Spokane Hutterian Brotherhood History
In 1960 a group of Hutterites, whose roots date back to the early 16th Century Switzerland, moved to the outskirts of Spokane, Washington, where today the work, dress, and play much as their ancestors did over 400 years ago. Originally settled in Pincher Creek, Alberta the colony quickly prospered and was formed to undergo a “split”. In 1956, under the leadership of the Reverend Paul Gross, his family and the family of Elias Wollman eventually established a new experimental enterprise near Ritzville Wa.. Desiring obtain more dryland farming land the Bretheren purchased several tracts of land from Alvin P. Brende in the Deep Creek area west of Spokane and eventually branched out to that location. There they established and operated a successful Dairy operation until 1998.
Ed Gross with sons Eli and Conrad and grandsons Jeremiah and Colin
Living in communes of usually not more that 150 people, the Hutterites typically practice dryland agriculture on a large scale. Hutterite communities or “colonies”, strive for complete self-sufficiency; they raise virtually everything they need for their sustenance, buying only what they cannot produce on their own land (notably coffee, tea, sugar, salt, light bulbs, chemicals, etc.). Though dressing and living by the guidelines hundreds of years old, the Hutterites, paradoxically, in the acquisition of the most modern farming technology – a practice that allows them to conduct extremely successful agrarian operations.
In 1999, under the guidance of Livestock Manager Edward Gross, the Deep Creek Colony entered the purebred Angus cattle business. Edward bought their first heard of 37 head of Angus cattle from a Connie Beck out of Micah Washington. Along with sons Eli and Conrad Gross, Edward began purchasing genetics from well established purebred Angus breeders such as VanDykes, Vermillion, and other companies. The Brotherhood currently runs approx 160 purebred Angus cattle and would like to eventually grow that to about 300 head. They also raise approx 450 cows on their commercial side of the cattle operation. Commercial Cattle are grazed in the winter on approx. 15,000 acres of land south of Sprague Wa., and head to summer on pasture land near Tyler, Wa.. The purebred herd is maintained on the colony land at its Deep Creek/Espanola location.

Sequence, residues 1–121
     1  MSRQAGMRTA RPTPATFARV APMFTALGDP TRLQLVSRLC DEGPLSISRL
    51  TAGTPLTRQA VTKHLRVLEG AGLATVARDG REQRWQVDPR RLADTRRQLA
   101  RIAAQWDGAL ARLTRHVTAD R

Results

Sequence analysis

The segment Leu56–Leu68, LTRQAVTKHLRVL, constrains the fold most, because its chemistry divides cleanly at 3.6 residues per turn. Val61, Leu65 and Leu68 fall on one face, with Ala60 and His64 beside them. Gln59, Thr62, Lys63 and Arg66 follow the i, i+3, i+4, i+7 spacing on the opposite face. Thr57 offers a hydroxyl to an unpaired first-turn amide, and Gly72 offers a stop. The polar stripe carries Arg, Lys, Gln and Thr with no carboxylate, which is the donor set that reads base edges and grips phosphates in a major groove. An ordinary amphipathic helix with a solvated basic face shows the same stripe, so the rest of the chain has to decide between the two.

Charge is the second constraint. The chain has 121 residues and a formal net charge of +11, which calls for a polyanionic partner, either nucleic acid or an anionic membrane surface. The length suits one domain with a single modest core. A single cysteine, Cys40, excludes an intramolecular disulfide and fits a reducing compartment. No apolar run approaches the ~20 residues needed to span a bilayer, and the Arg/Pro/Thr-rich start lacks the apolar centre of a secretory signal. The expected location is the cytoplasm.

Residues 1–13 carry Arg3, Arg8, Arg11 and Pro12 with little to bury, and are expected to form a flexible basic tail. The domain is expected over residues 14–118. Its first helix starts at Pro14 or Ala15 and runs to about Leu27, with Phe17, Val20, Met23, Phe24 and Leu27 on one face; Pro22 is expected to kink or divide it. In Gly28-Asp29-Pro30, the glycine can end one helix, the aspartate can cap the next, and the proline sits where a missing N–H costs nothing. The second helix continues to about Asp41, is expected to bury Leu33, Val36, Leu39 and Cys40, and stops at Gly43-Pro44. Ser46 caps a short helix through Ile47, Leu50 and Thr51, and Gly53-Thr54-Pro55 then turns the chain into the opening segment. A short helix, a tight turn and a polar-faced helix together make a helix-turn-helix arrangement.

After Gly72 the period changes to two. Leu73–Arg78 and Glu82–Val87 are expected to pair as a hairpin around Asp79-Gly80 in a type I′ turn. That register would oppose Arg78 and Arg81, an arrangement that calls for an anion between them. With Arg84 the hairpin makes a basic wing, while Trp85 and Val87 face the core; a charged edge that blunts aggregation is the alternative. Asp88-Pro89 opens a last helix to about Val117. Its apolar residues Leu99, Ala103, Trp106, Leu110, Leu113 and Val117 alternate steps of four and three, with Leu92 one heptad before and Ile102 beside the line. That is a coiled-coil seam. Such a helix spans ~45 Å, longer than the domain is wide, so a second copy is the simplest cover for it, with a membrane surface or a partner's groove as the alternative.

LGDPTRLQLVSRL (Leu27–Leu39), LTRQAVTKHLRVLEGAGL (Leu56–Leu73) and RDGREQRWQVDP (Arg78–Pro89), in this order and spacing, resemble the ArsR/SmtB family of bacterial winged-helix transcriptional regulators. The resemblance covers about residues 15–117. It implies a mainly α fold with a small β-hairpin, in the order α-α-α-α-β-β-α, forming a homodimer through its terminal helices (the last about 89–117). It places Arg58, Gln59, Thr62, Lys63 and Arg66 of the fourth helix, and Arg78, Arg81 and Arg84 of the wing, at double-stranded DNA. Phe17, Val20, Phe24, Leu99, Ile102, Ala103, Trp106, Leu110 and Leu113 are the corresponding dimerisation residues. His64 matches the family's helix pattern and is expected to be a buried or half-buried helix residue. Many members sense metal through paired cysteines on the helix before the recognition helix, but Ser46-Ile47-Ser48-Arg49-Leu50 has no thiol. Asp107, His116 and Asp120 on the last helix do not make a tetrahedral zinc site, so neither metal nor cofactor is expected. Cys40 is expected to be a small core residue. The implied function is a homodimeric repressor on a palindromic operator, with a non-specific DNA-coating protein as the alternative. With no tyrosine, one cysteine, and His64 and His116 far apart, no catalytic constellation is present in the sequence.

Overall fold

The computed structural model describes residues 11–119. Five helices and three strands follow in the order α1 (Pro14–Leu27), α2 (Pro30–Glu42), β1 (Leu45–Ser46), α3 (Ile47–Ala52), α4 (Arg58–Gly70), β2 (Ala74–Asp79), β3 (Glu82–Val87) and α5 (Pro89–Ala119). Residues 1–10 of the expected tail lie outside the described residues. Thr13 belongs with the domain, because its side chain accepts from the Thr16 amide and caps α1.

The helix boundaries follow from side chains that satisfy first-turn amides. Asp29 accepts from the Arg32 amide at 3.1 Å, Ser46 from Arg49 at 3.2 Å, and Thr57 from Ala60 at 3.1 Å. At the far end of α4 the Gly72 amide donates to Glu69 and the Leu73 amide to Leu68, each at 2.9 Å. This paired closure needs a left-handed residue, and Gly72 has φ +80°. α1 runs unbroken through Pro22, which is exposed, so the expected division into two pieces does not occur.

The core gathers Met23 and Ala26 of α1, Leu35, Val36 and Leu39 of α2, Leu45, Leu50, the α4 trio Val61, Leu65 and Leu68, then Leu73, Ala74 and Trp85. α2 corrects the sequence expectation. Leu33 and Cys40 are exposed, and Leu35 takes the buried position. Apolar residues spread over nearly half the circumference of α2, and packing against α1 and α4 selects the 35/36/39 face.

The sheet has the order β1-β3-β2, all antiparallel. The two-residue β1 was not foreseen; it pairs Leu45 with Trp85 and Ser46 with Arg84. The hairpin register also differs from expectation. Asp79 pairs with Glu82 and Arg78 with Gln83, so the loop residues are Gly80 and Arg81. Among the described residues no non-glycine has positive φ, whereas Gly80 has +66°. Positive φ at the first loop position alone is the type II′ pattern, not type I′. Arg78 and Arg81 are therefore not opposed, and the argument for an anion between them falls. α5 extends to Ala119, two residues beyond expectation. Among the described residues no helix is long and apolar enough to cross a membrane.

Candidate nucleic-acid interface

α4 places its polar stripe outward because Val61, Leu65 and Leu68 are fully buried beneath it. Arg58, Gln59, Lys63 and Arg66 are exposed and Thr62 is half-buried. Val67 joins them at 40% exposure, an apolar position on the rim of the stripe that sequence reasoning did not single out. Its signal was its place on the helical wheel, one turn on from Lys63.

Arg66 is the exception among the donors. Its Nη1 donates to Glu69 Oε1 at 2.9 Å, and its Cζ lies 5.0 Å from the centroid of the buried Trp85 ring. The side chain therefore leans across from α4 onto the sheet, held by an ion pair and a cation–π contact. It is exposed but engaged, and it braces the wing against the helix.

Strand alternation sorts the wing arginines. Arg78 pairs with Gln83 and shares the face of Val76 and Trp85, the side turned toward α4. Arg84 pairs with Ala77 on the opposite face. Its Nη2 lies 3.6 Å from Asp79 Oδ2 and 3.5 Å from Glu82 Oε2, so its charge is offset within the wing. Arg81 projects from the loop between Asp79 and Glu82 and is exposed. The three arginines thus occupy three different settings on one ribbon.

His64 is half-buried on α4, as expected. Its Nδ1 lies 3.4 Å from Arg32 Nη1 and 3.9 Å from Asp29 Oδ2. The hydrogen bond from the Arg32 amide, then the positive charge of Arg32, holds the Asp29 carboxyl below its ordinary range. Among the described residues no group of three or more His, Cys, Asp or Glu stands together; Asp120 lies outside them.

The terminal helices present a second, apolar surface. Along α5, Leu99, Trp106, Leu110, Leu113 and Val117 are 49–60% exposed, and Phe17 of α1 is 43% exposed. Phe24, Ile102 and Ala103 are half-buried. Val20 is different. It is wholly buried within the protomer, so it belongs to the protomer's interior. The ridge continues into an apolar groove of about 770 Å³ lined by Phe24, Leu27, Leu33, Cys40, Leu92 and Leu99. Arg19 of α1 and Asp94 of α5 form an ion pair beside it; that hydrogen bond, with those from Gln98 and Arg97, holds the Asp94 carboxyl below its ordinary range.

Around the end of December each year the purebred heard is driven from the summer/fall pasture at Espanola to the Deep Creek operations area to prepare for calving. The feed lot in Deep Creek is NHTC certified which certifies they use no hormones in the herd. In the early spring the calves are all tagged, vaccinated and branded. The branding is done in traditional fashions with much of the community helping out. This is an annual event that allows one generation to teach the new generation the traditional methods of branding and handling of cattle. Some of the youngsters are started out on riding horses at a young age and are groomed to carry on the cattle operations. Around June, the commercial heard is tagged and branded down on the land south of Sprague Wa., and eventually moved to summer grazing near Tyler.
Ed Gross lists their biggest challenge as being able to keep the newborn calves healthy until they are weaned. The operations uses the most reliable and effective vaccination methods for their calves and take extra care to provide bedding and other ground cover to mitigate the effects of dust on the cattle.
Although the community is steeped in many generations of tradition, they utilize the latest in technology and science in raising their Angus herds. Much of the use of modern equipment, medicines and scanning technology is not only geared towards efficient operations but also, more importantly, towards cattle health and safety. This results in a much higher quality of beef product for their customers.